We were henceforth playing in a higher league of countries having a modernized payment system based on the best technology although the cheque handling part still had to wait for cheque handling equipment and appropriate amendment in the laws. Credit goes to the dedication and commitment shown throughout this phase by colleagues from both the Bank of Mauritius and commercial banks, many of whom are no longer in office just like me while others who were involved are busy running it. The cheque truncation system now put in place by the banking community goes on to round up the circle which was set in motion in 1994.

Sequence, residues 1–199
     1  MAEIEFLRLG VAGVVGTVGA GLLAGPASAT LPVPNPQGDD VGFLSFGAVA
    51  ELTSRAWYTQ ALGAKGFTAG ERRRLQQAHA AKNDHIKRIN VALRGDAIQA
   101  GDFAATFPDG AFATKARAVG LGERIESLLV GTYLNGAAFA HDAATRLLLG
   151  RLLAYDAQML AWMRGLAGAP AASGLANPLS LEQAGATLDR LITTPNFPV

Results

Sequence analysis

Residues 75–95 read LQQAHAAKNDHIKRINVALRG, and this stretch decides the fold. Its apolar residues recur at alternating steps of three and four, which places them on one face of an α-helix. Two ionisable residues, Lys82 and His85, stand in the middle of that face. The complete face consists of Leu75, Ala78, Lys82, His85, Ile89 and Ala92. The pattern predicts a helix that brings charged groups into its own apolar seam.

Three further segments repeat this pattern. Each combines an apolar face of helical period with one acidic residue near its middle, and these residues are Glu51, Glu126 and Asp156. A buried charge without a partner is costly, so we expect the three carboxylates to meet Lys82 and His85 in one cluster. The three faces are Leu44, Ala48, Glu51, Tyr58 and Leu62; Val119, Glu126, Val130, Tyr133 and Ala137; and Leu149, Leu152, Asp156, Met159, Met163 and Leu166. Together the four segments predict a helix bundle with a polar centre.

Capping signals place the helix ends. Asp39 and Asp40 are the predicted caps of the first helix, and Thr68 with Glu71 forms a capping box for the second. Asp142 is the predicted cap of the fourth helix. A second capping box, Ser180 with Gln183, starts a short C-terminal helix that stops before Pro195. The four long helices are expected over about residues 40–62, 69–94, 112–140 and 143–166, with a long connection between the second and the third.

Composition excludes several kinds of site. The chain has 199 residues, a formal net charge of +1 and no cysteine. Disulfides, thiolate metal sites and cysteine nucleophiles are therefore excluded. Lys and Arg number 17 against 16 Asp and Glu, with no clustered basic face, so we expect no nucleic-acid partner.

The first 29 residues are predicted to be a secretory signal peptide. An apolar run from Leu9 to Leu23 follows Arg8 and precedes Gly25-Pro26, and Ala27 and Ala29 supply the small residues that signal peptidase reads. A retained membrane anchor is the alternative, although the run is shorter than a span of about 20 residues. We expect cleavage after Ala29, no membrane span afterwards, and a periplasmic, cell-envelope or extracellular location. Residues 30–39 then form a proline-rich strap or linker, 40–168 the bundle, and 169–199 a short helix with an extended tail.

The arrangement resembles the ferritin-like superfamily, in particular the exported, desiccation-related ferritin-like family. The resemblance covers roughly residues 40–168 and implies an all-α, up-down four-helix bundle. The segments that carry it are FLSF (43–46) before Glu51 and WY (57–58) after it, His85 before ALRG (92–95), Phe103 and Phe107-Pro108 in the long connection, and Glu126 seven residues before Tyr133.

The banking community, including the leadership provided by the Bank of Mauritius, cannot but be warmly praised for the progress made this week to further the payment system of Mauritius. Experience shows that it is only when you are willing to dirty your fingers that you can make material progress, especially progress that will in all likelihood affect the behaviour of economic agents of the present days but also that of coming generations.

Anil Gujadhur